I once discovered and then later rediscovered, that in summer, true silence is unattainable.
Face down in the water, gripping a cold graphite spear, I hovered effortlessly. My controlled breathing sounded like Darth Vader through the snorkel. My eyes wandered back and forth behind my swim mask, looking for movement or shadows on the rocky sandy bottom. As my head became fully submerged under the cool water, sounds were muffled but still not inaudible. I can hear those strolling by in the park chatting about weather and relatives, and I can usually detect the change in cadence when I’ve been spotted. The conversation stops abruptly and transitions into bursts of: “Look!” and “What’s that guy doing?” As I slide deeper down into the water column, muffled music and speech get replaced with the whining and ticking of boat motors.
I’ve come to find that in summer, there is no true silence, not even under water. Maybe in the winter, standing on the edge of a wide frozen lake, there could be a second between breezes and animal calls, and distant freeway zooms, but never in the summer. This is not a recent discovery. I first came upon this surprising fact as a child, playing in my backyard pool. With summer noises streaming wildly all around: screaming cicadas, chatty birds, droning mowers, booming car stereos and the endless calliope of the ice cream truck, I discovered that diving underwater only served as a muffling buffer. I even recall trying to escape the call to come inside for chores or dinner, by slyly ducking under water. The reality is that a foot or two under water, you can still hear very clearly an exasperated mother.
One experiment for escaping this reverberating summer orchestra involved my older brother in the deep end of the pool, standing, balanced atop a five-gallon bucket upside down, filled with air, like a primitive diving bell. I would then swim up and underneath the bucket, gripping the sides with my little pruned hands, while he masterfully held it in place from above. It was one of the better acts out of our aquatic circus show, in which I typically played O’Ryan the dolphin. The orange bucket on my head, I would sit cross-legged under four feet of water. There, I would calmly breathe, recirculating the air until the last oxygen molecule was consumed. Little wonder that I had migraines as a kid, and it may explain a lot of other things too. In the stillness of the stale bucket air, the last remaining inescapable noise, besides the shifting feet on top of the bucket, was a subtle discovery…my own heartbeat. This revelation was met with a mixture of sadness and delight. Was death the only way to truly experience silence? And if you are dead, do you even experience it? And if my brother doesn’t get off this bucket, am I about to find out?! These are deep thoughts for a kid buzzed up on Pop Rocks and Bomb Pops. I can’t help but recall this childhood experience as I pull a large breath through my snorkel and dive deeply into the cool clear waters of Green Bay. Ten feet underwater, floating on the edge of a dark weed bed, I hear the occasional churning of a propeller, as I wait patiently for a fish to pass, and enjoy the near silence.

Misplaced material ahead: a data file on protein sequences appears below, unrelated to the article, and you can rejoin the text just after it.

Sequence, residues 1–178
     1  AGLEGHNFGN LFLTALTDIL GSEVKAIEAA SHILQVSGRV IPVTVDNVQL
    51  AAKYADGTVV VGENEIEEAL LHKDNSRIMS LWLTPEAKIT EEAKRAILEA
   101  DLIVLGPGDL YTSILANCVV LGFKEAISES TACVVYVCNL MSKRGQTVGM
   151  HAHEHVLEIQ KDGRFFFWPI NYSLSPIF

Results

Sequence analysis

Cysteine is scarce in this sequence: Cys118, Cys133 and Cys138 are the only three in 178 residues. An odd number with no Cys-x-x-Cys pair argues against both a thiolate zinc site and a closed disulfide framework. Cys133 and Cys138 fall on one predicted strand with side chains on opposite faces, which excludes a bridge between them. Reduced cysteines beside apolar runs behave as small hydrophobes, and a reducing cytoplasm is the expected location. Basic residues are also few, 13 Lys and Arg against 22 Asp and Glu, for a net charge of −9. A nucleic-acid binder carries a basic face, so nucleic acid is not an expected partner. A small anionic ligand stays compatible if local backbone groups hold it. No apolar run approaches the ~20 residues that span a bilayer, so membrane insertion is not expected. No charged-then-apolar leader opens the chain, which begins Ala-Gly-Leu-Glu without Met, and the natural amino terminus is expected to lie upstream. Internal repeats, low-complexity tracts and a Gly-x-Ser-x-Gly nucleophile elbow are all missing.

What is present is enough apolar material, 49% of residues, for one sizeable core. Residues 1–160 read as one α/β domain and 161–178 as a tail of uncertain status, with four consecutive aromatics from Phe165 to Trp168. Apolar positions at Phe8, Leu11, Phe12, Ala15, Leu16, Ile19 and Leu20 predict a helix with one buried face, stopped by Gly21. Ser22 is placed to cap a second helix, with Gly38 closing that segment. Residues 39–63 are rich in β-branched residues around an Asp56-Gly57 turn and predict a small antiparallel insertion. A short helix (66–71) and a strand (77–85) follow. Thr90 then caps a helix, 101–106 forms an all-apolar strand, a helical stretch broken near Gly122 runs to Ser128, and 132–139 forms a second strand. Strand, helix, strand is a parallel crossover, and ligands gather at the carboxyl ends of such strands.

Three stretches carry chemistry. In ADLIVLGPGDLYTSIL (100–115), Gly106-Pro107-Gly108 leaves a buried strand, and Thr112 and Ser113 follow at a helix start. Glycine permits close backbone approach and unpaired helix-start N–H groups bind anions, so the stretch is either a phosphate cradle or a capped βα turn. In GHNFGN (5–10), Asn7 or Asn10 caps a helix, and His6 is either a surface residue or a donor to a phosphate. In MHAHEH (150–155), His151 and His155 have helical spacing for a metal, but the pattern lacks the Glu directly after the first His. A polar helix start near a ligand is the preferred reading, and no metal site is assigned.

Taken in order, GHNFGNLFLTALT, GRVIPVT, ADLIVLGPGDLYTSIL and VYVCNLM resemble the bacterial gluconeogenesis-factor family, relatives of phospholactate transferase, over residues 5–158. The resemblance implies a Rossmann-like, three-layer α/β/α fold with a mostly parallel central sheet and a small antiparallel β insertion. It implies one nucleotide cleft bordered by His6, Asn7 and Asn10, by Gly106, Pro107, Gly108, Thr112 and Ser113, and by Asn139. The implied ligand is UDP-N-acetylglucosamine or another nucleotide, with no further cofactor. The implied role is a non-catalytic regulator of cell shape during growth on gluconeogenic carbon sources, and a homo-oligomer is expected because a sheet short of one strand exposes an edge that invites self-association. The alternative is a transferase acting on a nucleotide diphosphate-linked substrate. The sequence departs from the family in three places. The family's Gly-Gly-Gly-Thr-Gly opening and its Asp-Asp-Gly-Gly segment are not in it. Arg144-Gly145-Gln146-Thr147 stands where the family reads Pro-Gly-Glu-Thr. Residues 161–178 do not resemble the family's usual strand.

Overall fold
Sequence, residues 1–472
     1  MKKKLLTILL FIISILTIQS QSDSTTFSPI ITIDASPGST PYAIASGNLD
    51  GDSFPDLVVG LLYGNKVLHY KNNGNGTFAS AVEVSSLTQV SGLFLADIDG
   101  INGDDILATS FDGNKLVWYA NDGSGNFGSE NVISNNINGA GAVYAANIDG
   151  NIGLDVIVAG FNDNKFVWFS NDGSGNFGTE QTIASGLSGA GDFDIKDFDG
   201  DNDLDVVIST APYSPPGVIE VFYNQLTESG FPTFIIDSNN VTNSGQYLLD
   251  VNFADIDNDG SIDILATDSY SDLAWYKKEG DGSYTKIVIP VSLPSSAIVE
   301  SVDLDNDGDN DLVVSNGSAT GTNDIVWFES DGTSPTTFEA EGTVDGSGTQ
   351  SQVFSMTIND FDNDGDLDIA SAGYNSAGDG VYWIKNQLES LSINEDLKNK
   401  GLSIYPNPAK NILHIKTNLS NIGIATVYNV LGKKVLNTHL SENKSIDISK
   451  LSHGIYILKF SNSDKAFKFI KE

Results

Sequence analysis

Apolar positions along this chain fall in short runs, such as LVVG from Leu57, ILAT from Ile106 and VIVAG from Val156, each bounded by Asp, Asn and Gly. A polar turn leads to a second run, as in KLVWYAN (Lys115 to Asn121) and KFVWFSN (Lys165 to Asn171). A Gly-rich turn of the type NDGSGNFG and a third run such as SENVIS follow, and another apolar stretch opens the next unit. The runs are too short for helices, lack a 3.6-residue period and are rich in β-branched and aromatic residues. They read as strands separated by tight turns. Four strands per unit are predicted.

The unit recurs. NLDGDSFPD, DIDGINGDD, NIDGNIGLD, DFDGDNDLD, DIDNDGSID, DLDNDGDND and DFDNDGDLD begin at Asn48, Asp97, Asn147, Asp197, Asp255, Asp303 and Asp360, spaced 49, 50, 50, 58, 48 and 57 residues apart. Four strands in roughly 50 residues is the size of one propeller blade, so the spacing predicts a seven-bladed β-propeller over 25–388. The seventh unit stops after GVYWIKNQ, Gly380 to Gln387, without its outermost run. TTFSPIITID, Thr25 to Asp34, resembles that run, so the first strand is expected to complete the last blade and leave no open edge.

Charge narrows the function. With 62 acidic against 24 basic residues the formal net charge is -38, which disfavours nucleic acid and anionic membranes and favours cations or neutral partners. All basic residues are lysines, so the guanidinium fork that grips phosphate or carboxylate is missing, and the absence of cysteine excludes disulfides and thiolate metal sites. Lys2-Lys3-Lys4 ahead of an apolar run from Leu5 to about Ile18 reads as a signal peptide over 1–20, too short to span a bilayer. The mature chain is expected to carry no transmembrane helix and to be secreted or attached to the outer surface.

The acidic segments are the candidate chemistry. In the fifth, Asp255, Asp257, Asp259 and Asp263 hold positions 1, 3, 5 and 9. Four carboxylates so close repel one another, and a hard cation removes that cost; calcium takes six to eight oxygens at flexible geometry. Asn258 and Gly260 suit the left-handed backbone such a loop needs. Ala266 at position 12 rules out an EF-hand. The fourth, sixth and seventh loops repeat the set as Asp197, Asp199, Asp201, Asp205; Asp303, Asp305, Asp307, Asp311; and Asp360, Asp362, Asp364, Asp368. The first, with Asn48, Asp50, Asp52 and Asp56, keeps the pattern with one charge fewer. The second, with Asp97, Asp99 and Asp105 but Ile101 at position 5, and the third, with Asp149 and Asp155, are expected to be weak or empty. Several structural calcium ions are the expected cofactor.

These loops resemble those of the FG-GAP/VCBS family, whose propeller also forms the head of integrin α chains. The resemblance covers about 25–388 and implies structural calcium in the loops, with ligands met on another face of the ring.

Your weekend forecast:
Weather records for Wisconsin accurately date back 123 years. Only one time in 123 years has Wisconsin received more rain in the first half of the year. While rain is good for replenishing aquifers, restoring water levels and mosquito parties, it presents challenges for farmers and can be a real bummer for having fun in the Door County sun. We can largely thank a shifted jet stream that has been tracking directly over Wisconsin this summer. Allowing for humid gulf moisture to move north until it meets the cool Canadian air. The meeting of the two air masses typically results in rain, sometimes thunderstorms, some of which may become severe. This southerly flow pattern looks to move south of Door County this weekend before colliding with the northern frontal boundary, giving us a much deserved respite from the rain. The temperatures will be pleasant and summery and sunshine will be abundant. Sunday brings the best chance of scattered storms.
Friday: Mostly sunny, with a high near 78
Saturday: Partly sunny, with a high near 75
Sunday: A chance of showers and thunderstorms. Otherwise partly sunny with a high near 75.
All weather predictions are based in science with information gathered from the National Weather Service, and are subject to change depending on the weather.
Growing up in Michigan, Ryan Heise began keeping a fishing journal detailing the weather conditions and can still recall his hometown weatherman’s name. His fascination with weather has never wavered and began to heighten when planning surf trips while living in Florida. Now proud to call Door County home along with his wife Mary and dog Ruby, he has found a new fascination with the unique microclimate of Door County.